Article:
Change and continuity: my University reflections

As I’m about to retire from the University after more than 40 years, I’ve been reflecting on what has and hasn’t changed in that time, what we’ve achieved and where we might be headed.

It’s fair to say that, in some ways, everything has changed. In others, very little. Of course, digitalisation has become ubiquitous and influences almost everything we do – and, in particular, how we do it (bear in mind that 40 years ago we had no email, PCs, mobile phones or internet!).

The availability of data, facts and knowledge was vastly different and so, by implication, the academic role of universities in the generation, curation and dissemination of knowledge, has transformed. Then, as now, we faced turbulence in public policy, with universities in the firing line. We also had a Nobel Laureate as Chancellor!

For all that, the University remains a remarkable community in which to meet and engage with a fantastic array of interesting people with a fascinating mix of talents, highly motivated by their work and profoundly committed to excellence – and all the more so because it is more open to its environment than before. It was then, and remains, a privilege and pleasure to be among those people – particularly our students, with their restless appetite for a better world. For change and growth.

The policy environment in which universities work has evolved dramatically as has the society around us. On the downside, the pressures to commodify education pose a threat to the value and values of universities. Despite these pressures, we can still be confident that that Bristol’s central mission is still “to pursue and share knowledge and understanding, both for their own sake and to help individuals and society fulfil their potential.”

The expectations of our own student and staff community are for the University to be an agent of public good – as we should always be – although some of the specifics have shifted; for example, to address climate change.

Our staff also have high expectations, again rightly, of us as an employer and that we sustain the best elements of our culture. Some aspects of University life and culture have certainly changed for the better over these years – Bristol is now more professional, and a less ‘clubby’ and complacent university. We are also on a long overdue journey to increased diversity and inclusion and a coming to terms with our history that, although started, is far from finished. Thankfully, we have managed to sustain the collegial aspects of our culture and we have developed ways of enhancing the dialogue between disciplines in both education and research while respecting the deep capabilities of those disciplines.

Elsewhere, our physical estate has grown, been replenished, developed and improved; in some parts out of all recognition – and from a very low ebb 30 years ago (when in Chemistry we were used to catching the drips from the leaking roof in buckets around the foyer!).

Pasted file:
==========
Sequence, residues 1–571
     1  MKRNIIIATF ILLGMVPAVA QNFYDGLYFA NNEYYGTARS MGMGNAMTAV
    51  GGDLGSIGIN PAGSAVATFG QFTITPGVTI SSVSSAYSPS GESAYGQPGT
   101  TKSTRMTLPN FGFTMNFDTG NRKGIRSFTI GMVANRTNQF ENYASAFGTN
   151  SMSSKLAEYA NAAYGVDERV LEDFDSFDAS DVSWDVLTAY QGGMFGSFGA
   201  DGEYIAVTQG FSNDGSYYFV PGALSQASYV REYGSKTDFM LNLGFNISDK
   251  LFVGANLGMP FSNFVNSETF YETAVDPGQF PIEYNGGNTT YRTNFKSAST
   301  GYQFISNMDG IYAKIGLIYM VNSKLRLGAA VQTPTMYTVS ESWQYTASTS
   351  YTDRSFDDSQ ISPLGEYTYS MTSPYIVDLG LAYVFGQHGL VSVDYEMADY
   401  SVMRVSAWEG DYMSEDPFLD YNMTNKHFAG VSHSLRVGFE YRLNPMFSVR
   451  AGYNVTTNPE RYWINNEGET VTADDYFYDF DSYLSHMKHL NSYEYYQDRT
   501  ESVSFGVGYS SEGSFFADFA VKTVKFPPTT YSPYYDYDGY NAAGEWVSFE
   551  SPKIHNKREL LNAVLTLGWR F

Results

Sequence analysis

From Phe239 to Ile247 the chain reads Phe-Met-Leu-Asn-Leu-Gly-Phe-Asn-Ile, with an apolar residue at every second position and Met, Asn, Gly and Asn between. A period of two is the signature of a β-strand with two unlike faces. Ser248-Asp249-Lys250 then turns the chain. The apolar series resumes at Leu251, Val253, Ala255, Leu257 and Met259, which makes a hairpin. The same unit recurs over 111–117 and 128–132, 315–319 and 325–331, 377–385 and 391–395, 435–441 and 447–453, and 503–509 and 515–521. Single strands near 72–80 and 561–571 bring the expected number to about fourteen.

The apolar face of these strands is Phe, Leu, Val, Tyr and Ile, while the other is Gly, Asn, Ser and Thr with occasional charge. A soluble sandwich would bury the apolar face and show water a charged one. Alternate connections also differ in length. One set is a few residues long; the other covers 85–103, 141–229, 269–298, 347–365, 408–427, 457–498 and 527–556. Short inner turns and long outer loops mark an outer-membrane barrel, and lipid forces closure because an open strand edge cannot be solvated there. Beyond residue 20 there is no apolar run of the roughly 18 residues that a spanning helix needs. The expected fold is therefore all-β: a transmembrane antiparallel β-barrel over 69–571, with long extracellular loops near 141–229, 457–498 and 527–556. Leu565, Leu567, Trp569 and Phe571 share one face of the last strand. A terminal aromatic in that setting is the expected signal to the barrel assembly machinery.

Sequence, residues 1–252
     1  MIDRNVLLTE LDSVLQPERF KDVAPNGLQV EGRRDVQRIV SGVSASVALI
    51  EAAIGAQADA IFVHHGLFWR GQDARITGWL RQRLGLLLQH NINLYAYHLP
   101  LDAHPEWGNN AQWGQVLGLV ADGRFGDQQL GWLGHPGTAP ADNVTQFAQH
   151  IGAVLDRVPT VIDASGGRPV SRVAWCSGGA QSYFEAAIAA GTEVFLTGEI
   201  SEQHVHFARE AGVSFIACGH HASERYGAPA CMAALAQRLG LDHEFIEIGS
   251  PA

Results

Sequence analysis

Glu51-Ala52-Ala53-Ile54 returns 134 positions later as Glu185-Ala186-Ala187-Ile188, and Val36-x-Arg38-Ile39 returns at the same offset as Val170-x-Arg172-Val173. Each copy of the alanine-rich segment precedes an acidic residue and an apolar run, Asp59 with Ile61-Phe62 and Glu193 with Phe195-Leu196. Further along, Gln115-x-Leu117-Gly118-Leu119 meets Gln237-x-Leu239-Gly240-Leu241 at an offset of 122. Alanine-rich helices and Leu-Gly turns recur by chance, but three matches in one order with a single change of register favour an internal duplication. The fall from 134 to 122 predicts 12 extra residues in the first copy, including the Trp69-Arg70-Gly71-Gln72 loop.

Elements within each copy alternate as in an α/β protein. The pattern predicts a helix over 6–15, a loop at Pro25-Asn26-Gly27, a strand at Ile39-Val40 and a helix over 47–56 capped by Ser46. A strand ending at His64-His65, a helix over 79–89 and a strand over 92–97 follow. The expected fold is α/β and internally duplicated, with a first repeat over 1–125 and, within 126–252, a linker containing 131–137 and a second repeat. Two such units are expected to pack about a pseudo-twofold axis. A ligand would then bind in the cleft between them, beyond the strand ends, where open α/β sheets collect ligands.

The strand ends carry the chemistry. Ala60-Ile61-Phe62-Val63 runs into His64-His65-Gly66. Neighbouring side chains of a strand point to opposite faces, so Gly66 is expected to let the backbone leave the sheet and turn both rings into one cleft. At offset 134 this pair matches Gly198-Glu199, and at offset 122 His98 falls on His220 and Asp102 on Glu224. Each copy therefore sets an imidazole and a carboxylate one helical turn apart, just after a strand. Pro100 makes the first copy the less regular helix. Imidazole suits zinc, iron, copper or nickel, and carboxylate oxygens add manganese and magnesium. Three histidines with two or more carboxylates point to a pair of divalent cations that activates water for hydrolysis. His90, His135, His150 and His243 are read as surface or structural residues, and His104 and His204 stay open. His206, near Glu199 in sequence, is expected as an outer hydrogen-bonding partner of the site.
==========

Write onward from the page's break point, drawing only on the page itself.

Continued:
Personally, I welcome the increased expectation that universities should expand beyond the “ivory tower” focus on teaching and research and play a direct role in enabling wider society to thrive. Indeed, I see this as integral to our mission.

For us in Bristol, that has meant, for example, launching the National Composites Centre (and the Science Park with it), creating Bristol Health Partners with our allies in the NHS and city, being at the heart of cultural development, entrepreneurial and Green Capital endeavours and the wider civic life that is now manifest in the Bristol One City approach. All this has happened (mainly in the past decade) alongside an outstanding performance in the last REF (driven by our research) and rightly increased emphasis on education and the student experience. This is a remarkable collective performance and one that I’ve been proud to be party to.

Where next? As I write we face a literally incredible set of circumstances – a global pandemic still growing, profound and systemic inequalities (both global and local), climate and ecological emergencies that will be with us for many decades, the UK in the midst of the biggest geopolitical shift in generations triggered by leaving the EU, with a fragile economy and society only partly recovered from the banking crash and that now risk being tipped over by the twin threats of COVID and Brexit.

Despite these daunting challenges I feel we, as a University, are in a vital and powerful place – both as an institution and to act for and with the communities we serve, locally and globally. We do this best by staying true to our core mission as a research intensive university of global reach and continuing to evolve and draw strength from our place and, in turn, to sustain it and its enduring values – building on Bristol’s complex thousand year history of enterprise, exploration and non-conformity to address the critical challenges that face us (and those to come) by producing the ideas, innovations and people the world needs.

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